The term theopaschitist became the dirty-word for labeling the monophysites. By saying God suffered, they were charged with denigrating God. But they were unconcerned with such a charge in their own use of the term. Rather they were concerned with the salvation agenda (in their perspective, the divinization of human nature) via the one-nature formula. Thus God had to come all the way down to the lowest human level if all of humanity was to be divinized again. The orthodox Eastern Chalcedonians fought the monophysites with dull weapons, since Christ’s suffering had no fundamental role in their own notion of salvation. For them the incarnation (Bethlehem) was already full salvation. The Christ of the Eastern Orthodox churches is not the Suffering Christ.
VI. In the West.
A. Christ’s cross moves to the center. God-suffering is at home in folk piety, but not in scholastic theology—neither in its Christology nor in its doctrine of God.
B. Au contraire Luther, especially in Christ’s cry of dereliction, “My God, my God, why . . .?” His entire theology is theology of the cross..
VII. Today?
Theopaschitism? It has disappeared in theology too. Ho hum. Since Leibniz the tables are turned: Not God’s suffering is problematic, but the world’s suffering, our suffering—the so-called “theodicy” issue- -that is the question. Can God be a just God if suffering abounds in the world he created? A Copernican revolution, a child of the Enlightenment.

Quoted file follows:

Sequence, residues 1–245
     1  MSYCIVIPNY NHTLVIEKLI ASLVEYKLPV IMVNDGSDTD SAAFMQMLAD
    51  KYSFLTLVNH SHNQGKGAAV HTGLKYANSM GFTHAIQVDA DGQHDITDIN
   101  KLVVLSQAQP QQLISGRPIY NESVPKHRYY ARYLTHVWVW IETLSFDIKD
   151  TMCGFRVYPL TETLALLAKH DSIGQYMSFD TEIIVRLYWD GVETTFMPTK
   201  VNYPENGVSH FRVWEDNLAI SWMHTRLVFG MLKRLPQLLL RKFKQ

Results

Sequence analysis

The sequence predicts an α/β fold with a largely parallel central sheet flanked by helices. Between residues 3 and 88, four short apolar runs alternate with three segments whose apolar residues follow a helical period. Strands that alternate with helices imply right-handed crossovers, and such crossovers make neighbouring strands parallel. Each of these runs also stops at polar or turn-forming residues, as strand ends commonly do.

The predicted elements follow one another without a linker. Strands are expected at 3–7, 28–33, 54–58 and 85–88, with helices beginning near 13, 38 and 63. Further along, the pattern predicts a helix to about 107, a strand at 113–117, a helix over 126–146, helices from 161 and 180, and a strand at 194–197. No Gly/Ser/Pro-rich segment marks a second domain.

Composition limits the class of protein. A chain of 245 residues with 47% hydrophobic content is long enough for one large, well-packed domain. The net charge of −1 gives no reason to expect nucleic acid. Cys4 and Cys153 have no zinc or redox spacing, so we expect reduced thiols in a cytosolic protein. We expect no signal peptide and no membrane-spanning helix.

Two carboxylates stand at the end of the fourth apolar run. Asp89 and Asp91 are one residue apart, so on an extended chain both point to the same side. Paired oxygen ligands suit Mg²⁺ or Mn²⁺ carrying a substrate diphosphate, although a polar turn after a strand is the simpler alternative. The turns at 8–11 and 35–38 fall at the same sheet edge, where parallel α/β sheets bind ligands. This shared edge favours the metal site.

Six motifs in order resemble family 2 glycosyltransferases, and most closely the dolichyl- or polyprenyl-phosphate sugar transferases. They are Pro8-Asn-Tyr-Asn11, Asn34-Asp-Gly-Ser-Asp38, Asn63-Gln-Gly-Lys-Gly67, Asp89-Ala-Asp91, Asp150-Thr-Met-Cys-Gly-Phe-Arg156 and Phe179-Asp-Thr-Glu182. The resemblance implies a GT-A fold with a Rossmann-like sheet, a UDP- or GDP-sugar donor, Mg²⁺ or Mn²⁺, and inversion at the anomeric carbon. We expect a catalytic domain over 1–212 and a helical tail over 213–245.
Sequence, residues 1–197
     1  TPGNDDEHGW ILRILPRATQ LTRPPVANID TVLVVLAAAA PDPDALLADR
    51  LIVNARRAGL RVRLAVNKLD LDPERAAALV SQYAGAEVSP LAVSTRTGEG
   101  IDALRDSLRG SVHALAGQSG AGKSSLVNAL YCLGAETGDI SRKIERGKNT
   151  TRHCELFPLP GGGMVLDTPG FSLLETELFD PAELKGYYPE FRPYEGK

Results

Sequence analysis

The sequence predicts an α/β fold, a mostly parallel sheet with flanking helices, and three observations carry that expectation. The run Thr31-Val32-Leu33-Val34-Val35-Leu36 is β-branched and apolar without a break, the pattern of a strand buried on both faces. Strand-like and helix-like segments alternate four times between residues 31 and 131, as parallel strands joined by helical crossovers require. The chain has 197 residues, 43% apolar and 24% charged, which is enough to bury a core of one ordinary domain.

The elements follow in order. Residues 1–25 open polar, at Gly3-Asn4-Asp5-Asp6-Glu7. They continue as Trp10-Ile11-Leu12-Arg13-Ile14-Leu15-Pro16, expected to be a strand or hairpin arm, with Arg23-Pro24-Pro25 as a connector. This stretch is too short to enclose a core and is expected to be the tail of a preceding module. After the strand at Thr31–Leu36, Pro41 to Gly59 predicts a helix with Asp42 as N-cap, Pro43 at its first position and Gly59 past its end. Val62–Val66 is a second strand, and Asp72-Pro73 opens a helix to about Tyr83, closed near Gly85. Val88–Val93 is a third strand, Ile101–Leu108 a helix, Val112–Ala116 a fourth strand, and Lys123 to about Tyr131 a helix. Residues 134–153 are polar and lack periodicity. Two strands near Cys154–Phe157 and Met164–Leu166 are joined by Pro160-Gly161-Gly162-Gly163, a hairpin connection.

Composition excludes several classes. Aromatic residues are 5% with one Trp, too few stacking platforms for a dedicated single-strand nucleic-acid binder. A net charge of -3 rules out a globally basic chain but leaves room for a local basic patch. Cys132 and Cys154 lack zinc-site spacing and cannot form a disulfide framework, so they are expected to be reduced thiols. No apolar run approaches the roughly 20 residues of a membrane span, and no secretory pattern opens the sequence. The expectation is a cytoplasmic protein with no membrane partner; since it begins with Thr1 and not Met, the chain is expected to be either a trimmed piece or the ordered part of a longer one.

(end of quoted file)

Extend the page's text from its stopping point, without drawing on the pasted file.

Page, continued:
Yet vis-a-vis human suffering the Christian gospel offers God-suffering as an answer, a good-news answer. A faith-answer, of course, but an answer. Better than no answer at all.
Why has theopaschitism been forgotten? Theology has forgotten its world-connection. Christology entails an interpretation of the whole world, all reality. Christianity has let our Enlightenment culture squeeze it back into the thin area of religion, personal religious feelings and convictions. Today’s physicists are again pushing theological questions about the world. The world is helped with the suffering of God.
Third world Christologies are speaking of the suffering God. Some samples: Kazoh Kitamori’s “Theology of the Pain of God” from Japan and his fellow citizen Shusako Endo in his novel “Silence” with its “fumie” [trampled upon] Jesus. Also Gabriel Setiloane from Botswana in Africa.\n\n[/cs_content_seo][/cs_element_layout_column][/cs_element_layout_row][/cs_element_section][/cs_content]


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In the early 1970s two seminary professors listened to the plea of some lay Christians. “Can you help us live out our faith in the world of daily work?” they asked. “Can you help us connect Sunday worship with our lives the other six days of the week?”  That is how Crossings was born.